Middle East conflicts and the Rwanda bill – Politics Weekly UK, The Guardian.

As tensions in the Middle East continue to rise, this week John Harris speaks to Niku Jafarnia of Human Rights Watch about the regional conflicts. The Rwanda bill passed its third reading and Pippa Crerar, the Guardian’s political editor, reveals what happened behind the scenes. And the former No 10 adviser Gavin Barwell talks about the increasingly vicious struggles within the Conservative party.

To listen to the full podcast regarding this, click here.

Unions condemn plan to make civil servants ignore ECHR Rwanda rulings – The Guardian.

Unions have condemned a planned change to Whitehall rules meaning civil servants must ignore Strasbourg judgments halting Rwanda deportation flights.

Home Office staff removing asylum seekers will be told to implement last-minute injunctions from the European court of human rights (ECHR) only if ordered to do so by a minister, according to official guidance.

Three civil service unions say this will mean that senior civil servants and Border Force staff will have to choose between breaking international law, disobeying the instructions of a minister or resigning.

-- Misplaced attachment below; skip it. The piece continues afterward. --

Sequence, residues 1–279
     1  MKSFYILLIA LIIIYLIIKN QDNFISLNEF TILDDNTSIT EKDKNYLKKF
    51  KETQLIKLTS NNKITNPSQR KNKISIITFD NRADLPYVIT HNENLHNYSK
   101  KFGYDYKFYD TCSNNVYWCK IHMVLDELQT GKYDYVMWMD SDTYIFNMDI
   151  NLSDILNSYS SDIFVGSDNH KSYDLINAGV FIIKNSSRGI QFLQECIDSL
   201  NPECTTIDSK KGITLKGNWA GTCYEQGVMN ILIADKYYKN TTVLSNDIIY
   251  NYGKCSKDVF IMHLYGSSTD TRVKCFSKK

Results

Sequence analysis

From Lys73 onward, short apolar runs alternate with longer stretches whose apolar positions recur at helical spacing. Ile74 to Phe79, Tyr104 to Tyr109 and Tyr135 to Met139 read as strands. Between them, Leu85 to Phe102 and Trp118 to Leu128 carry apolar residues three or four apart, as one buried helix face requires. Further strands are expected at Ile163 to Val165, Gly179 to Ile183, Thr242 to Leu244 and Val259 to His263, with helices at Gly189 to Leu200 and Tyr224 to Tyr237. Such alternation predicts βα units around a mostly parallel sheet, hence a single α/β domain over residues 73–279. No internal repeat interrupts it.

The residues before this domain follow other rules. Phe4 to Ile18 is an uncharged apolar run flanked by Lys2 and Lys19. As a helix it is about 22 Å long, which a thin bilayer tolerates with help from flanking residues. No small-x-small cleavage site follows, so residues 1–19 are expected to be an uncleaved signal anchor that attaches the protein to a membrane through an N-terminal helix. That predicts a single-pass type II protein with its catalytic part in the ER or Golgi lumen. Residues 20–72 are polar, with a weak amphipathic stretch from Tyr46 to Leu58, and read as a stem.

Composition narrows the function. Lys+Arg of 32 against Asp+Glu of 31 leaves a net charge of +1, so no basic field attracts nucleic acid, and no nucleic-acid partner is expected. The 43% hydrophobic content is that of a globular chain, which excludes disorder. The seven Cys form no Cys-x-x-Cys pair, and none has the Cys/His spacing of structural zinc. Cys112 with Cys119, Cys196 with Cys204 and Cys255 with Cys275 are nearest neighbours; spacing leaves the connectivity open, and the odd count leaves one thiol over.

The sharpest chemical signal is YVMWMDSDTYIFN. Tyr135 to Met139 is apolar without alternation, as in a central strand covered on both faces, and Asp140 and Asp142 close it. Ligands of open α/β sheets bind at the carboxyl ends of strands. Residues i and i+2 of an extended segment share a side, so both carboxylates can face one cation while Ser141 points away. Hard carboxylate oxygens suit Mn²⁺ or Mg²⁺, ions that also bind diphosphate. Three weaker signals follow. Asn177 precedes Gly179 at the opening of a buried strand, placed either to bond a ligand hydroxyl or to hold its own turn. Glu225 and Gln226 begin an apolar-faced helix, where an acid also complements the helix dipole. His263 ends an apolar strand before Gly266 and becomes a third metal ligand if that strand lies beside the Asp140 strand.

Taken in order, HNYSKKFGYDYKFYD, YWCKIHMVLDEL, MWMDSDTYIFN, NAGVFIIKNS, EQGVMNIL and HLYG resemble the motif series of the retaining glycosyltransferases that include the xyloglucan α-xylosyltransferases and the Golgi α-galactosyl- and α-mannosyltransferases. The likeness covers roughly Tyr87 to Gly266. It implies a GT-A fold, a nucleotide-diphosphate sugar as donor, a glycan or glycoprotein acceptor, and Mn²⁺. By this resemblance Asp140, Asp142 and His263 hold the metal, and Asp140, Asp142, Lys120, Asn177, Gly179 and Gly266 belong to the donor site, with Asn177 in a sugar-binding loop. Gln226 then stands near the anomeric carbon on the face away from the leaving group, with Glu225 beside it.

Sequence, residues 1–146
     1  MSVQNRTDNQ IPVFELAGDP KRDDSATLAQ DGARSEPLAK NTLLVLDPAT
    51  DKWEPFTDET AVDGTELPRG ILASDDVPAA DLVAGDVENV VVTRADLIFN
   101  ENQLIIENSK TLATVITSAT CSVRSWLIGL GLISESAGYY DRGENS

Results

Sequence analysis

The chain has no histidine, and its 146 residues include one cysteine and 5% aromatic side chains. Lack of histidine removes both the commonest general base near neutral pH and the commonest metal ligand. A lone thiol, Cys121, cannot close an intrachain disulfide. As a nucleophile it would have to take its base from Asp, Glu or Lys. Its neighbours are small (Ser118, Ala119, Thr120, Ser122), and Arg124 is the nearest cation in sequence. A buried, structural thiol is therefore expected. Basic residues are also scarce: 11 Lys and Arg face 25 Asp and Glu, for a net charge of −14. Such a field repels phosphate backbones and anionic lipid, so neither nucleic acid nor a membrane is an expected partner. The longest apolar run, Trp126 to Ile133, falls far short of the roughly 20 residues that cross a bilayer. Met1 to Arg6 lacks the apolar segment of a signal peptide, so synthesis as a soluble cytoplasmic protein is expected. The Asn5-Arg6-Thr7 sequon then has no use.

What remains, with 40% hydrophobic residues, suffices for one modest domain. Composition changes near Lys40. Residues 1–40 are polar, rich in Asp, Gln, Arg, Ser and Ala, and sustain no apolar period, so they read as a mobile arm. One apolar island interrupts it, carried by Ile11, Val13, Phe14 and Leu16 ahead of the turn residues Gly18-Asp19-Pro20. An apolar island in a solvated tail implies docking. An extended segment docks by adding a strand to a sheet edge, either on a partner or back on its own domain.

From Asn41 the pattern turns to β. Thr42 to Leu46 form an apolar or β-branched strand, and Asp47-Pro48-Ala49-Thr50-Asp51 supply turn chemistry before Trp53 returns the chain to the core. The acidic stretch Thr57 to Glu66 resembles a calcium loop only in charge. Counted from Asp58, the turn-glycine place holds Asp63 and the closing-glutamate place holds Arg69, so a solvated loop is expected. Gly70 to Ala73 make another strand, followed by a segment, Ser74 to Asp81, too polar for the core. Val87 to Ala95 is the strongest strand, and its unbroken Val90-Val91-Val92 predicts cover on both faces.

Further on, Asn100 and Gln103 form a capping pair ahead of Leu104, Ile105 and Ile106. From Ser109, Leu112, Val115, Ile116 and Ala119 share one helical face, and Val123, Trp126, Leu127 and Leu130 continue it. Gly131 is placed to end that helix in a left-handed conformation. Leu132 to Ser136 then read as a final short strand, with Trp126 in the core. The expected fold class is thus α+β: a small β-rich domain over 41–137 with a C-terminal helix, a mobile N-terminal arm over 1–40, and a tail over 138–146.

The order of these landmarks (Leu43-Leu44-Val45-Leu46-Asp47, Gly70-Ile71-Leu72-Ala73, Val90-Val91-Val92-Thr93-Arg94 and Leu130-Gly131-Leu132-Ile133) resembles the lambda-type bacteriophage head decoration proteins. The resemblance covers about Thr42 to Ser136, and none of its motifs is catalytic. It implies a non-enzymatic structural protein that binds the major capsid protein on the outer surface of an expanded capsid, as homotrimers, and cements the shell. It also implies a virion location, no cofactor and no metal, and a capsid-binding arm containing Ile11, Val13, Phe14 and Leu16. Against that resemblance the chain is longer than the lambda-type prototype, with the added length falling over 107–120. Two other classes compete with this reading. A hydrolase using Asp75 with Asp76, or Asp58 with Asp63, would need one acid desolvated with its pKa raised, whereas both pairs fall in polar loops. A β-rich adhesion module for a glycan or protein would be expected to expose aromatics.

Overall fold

For full report, click here.

Scientists fear tough UK immigration rules will deter talent – Nature.

Cost increases and restrictions on visa-holders bringing family members will put off researchers, warn scientists.

“Salary-threshold increases, combined with the recent large increases in visa costs, create a real risk that the UK is seen as a less attractive place for the world’s brightest and best students and researchers,” says Daniel Rathbone, interim executive director of Campaign for Science and Engineering (CaSE), a science-advocacy group in London.

For full report, click here.

Visa Ease – The Global Recruiter

The UK government will from 31 January 2024 ease current visitor visa legislation to allow remote working. According to global immigration law firm Fragomen, this regulation recognises changing working patterns and will open the door to ‘work-cations’.

UK legislation has not previously made any reference to remote working, however guidance notes that those visiting the UK can, sensibly, respond to work emails, participate in remote meetings and calls. Guidance to immigration officials has been to “check that the applicant’s main purpose for coming to the UK is to undertake a permitted activity, rather than specifically to work remotely from the UK.”

From 31 January 2024, updated legislation will specifically allow visitors to “undertake activities relating to their employment overseas remotely from within the UK, providing this is not the primary purpose of their visit.”

For full report, click here.

Report exposes critical links between refugee resettlement and rising rates of UK street homelessness – Scottish Housing News